Saltwater chemistry is more complex than freshwater. Nutrients such as nitrate and phosphate play a much bigger role in algae control. And if you are keeping stony corals then calcium, alkalinity, and magnesium become very important as well.
This is not the most extensive examination of saltwater chemistry available. Like so many topics in this hobby, entire books have been written on what just this article attempts to cover. You may have a very successful reef with the information listed below, or you may choose to go into much more detail. This will at least give you a good foundation to build on.
Do not simply start dosing things just because you think you need it. You need to test and only dose as needed. Don’t just start dosing iodine because you bought Xenia or a shrimp. Most likely you will never have to even think about dosing iodine, but if you have reason to think you should then you should buy a test kit and know for sure. Any parameter can be too high, dosing blindly is asking for serious problems, worse than if you didn’t dose at all.
If you use a high quality salt mix and keep up weekly 10% water changes then most of the chemistry will stay exactly where it should be. In a reef, you may need to dose certain things, but do so only as needed when you actually need to, not just because someone online or working at an aquarium store said you should start adding something.
If you do need to start dosing anything, the easiest way is to use liquid additives. With almost all liquid additives, you simply follow the directions on the bottle. If you have a sump then you should definitely add any additives to the sump (this includes RO for topping off and saltwater for water changes). This helps dilute anything before the corals are exposed to it. If you have a very large system or want to be as cost effective as possible then you may decide to start using dry additives. These are more cost effective because you aren’t paying for water. If you use dry additives you will need to dissolve them in RO water first, and then add them. Always follow product instructions, there are always exceptions.
Natural Nutrient Loads
One very important difference between freshwater and saltwater chemistry that is vital to understand is that natural seawater has very little nutrients in it. This is one factor that allows the waters to stay so crystal clear. It is also why agricultural runoff is so damaging to marine systems near rivers.
In a reef, the seawater has very little nutrients. This is why many of the algae that do live there live inside corals, so that they can use the waste from the corals as their source of nitrogen and phosphorous. This also means that marine algaes are well adapted to very low nutrient availability and are very efficient at using what little is there. This is why even the low levels in tap water are more than enough to turn a tank into an algae farm, even with relatively low lighting.
This is why it is important to start with RO/DI water (reverse osmosis/deionization) and to make your saltwater from scratch using a high quality salt.
Reverse osmosis (RO) and deionization (DI) are two methods of removing everything from tap water so that you are starting with pure water. There are all sorts of undesirable chemicals in tap water that will cause various problems in a saltwater aquarium. The biggest issues are nutrients such as nitrate and phosphate. Reverse osmosis is the process of removing these chemicals. Not all reverse osmosis machines are equal. RO systems made for drinking water are not as good as those made for aquariums.
There are multiple stages to any RO system and they generally consist of: prefilter (mechanical just to remove particulates), carbon (to remove chlorine, chloramine, and other chemicals), and the actual reverse osmosis membrane. RO systems have one input and two outputs: one output is clean RO water, the other is waste water which is a concentrated version of the tap water containing lots of the bad stuff you don’t want, although this can be great for many house plants.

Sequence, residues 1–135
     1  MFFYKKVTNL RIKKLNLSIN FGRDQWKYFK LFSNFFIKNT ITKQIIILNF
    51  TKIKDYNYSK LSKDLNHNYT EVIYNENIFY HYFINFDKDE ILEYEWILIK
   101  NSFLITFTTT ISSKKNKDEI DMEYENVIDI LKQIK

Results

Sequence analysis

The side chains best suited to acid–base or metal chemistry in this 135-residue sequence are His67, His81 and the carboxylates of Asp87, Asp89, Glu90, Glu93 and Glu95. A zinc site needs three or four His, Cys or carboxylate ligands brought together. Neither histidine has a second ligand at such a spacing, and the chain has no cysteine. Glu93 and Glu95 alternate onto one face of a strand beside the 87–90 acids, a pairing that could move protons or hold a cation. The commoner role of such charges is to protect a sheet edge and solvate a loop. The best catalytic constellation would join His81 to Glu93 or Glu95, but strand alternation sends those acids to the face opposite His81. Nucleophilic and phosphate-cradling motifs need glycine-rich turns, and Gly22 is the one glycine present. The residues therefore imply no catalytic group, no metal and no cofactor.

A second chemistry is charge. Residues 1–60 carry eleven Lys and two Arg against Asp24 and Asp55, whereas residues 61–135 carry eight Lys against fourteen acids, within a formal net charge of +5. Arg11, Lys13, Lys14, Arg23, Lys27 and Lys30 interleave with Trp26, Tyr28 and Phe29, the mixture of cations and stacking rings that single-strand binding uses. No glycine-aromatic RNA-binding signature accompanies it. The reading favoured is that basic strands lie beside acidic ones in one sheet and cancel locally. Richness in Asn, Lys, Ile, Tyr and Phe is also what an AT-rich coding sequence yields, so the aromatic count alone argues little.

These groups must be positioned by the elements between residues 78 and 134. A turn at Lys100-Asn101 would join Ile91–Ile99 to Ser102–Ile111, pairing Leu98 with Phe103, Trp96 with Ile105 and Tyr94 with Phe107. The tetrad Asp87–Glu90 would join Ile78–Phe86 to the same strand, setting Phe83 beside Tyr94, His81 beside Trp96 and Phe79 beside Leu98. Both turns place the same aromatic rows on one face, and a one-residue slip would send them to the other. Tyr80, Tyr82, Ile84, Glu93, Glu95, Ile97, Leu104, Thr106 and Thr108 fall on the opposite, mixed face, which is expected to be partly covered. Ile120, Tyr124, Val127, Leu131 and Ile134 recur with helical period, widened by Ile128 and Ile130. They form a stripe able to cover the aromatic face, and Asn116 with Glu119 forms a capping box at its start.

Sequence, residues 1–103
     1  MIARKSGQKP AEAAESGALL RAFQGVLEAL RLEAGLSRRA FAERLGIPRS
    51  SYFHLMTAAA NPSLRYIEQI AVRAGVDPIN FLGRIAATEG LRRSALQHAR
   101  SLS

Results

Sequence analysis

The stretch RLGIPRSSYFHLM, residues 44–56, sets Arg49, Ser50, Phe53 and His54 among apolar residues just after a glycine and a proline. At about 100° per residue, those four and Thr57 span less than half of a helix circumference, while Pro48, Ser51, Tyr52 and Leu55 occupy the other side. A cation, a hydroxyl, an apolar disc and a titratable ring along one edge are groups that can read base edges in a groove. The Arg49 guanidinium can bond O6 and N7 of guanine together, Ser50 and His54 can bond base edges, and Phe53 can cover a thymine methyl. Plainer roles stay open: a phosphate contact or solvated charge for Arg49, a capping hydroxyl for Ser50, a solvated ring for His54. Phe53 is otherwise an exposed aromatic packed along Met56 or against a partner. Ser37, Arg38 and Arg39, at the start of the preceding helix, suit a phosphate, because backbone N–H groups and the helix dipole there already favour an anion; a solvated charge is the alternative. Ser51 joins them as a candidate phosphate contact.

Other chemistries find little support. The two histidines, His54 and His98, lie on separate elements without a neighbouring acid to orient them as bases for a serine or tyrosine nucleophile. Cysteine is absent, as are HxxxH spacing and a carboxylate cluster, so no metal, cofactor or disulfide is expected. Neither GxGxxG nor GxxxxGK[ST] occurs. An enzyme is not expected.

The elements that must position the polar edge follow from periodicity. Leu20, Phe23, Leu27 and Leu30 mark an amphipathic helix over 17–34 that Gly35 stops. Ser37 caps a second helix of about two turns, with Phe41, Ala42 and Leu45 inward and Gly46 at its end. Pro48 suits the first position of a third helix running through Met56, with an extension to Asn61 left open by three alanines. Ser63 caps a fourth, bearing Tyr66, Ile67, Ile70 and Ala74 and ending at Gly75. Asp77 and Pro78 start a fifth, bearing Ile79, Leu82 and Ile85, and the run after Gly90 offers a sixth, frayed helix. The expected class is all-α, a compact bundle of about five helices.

Deionization uses a special resin media to remove ions (both positive and negative). In aquarium RO systems, the DI always comes after the RO (the clean water from the RO goes to the input for the DI). Some systems include DI as one of their stages, but with others you will have to add it. It is best to have two DI stages so that no matter how exhausted the first is, the water still has to go through a whole second stage. When you replace the first stage, move the second stage to the first and add the new cartridge to the second stage.
Pure water does not conduct electricity. Because of this we can measure the purity of water by conductivity, which measures the total dissolved solids (TDS). A TDS of 0 means the water is not conducting any electricity. Tap water can be anywhere from around 150 to well over 400. Drinking water RO systems typically get the TDS down to 70 or so. Good RO/DI systems for aquariums can get it down to 0, at least when all the stages are new. The single digits are fine, as the TDS goes up you may need to replace certain stages in the RO unit in order to get the TDS back down again. TDS is measured with a small, easy to use meter that you can buy for $10 or so.
Salinity is the measure of the concentration of salt in the water. The best way to measure this is with a refractometer. Hydrometers are cheaper, but they are a pain to use and not nearly as accurate. High quality refractometers can be bought online or at your local fish store for as little as $30.
When we talk about the measure of salinity we actually measure the specific gravity (the density). Saltwater is heavier than freshwater, and the more salt there is in the water the heavier the same volume of water is. This difference in density effects how light passes through the water, which is how a refractometer works.
Natural seawater has a specific gravity (commonly referred to as salinity) of 1.026, stated as one point oh two six, ten twenty six, or simply twenty six. If you have any corals or invertebrates then you need to maintain your salinity at 1.025 to 1.026. If you just have fish then you can go lower. Many people report that their fish do better at lower salinities due to the lower osmotic pressure (a smaller difference between the internal salinity of the fish’s tissues and the outside salinity in the water). Most likely you will not have a strictly fish system, so this should not matter.